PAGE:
You started writing for a good reason. Ask yourself what that reason is. The reason is the because of why you write. It’s the goal. It can be anything you like, so long as we are talking about writing goals it better be connected to writing in one way or another.
If you write to tell stories, then that’s your goal. When you begin to think deeply about this reason you will discover things about yourself. Components of your nature that motivate you to write stories or non-fiction. Be careful. Go too deep when really you should be trying to formulate a clear goal, and you will start asking daft questions about why you decided to write in the first place. Your goal is to write.
How do I know that to write is your goal? Because there is no other goal for a writer. The rest are other goals. Like, “make money with my writing.” Keep it simple and set separate goals that compliment each other. Be congruent in your life and nature.
There’s only one rudder on a ship but it has several sails. You have set one course in life that is important to follow, you keep the rudder on course and the sails will catch the wind.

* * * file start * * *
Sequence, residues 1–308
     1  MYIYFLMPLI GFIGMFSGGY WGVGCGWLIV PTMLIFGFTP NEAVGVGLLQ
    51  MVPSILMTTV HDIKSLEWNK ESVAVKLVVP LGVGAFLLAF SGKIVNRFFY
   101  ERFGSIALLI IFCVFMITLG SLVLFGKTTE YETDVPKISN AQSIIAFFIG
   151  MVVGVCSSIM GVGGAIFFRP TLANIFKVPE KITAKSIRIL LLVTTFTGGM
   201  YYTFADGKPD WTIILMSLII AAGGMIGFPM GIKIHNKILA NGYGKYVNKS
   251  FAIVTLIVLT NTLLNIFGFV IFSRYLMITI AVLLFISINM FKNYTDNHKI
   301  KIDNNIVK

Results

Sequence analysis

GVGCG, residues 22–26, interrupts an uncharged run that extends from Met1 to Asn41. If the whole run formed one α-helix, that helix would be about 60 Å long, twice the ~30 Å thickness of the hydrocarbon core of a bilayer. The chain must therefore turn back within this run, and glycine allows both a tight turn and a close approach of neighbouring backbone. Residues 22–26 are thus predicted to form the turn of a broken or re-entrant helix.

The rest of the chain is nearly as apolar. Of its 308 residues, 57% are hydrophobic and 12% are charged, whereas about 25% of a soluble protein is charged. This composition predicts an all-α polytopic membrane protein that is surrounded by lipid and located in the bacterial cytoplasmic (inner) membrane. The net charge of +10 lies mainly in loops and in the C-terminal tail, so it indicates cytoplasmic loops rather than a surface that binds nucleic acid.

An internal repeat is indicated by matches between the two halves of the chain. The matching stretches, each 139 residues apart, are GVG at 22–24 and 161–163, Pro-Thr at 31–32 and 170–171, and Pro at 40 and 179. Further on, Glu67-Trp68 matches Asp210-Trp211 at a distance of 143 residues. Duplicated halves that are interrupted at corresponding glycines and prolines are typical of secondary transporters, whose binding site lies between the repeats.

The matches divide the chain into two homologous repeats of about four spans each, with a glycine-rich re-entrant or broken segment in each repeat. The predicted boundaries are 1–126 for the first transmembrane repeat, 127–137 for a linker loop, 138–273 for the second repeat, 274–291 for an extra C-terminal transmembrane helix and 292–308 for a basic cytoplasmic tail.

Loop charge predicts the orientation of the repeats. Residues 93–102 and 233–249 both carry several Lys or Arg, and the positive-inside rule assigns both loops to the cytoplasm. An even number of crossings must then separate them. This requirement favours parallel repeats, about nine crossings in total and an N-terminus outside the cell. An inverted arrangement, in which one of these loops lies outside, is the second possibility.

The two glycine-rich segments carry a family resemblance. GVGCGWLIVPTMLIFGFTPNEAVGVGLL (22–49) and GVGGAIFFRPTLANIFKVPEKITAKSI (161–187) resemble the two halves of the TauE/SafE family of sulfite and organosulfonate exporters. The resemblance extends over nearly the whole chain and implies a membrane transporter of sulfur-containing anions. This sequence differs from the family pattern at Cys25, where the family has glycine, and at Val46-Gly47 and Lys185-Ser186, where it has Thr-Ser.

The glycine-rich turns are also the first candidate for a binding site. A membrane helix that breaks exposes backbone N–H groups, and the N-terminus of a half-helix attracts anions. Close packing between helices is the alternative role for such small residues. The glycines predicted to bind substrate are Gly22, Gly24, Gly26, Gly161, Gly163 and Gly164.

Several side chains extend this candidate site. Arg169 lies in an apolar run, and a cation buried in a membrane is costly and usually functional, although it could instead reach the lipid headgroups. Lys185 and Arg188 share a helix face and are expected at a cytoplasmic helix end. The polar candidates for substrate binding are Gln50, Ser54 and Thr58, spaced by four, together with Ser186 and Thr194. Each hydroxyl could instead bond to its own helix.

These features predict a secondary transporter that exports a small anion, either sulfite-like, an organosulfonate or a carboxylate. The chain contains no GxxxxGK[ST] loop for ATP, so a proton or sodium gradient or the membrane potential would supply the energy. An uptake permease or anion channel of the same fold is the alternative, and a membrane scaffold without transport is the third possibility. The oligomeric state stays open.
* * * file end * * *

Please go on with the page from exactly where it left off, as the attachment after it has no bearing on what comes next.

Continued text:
Your goal is simple. To write and tell stories. To write and show the world an idea from your own perspective. It’s a brilliant idea. Go ahead. Just Do it.
Your goal is the rudder of your ship. Yes, you’re the captain and you steer the ship. You also go down with the ship when you fail to stand fast and see the tough times through. Storms are all part and parcel of a captain’s life.
Most writers have a goal to write something, everyday. That goal often stems from the heart, so trust your own heart. Listen to your instinct and be great. Don’t listen to others who will tell you that you aren’t a writer because of this and that…
People who try to give you advice are often sowing the seeds of doubt. Ask yourself this when a person begins to offer advice, “Is this person a successful writer?” – ” How the flying f***k could they know about publishing or writing stories?” Normally, when you decide to become a writer and commit to it, the experts crawl out of the walls and start telling you that it’s best if you listen to them. They know all about it, because they had an aunt who was a writer and she didn’t get published. So that proves that nobody, ever, can get published or write a book. – right?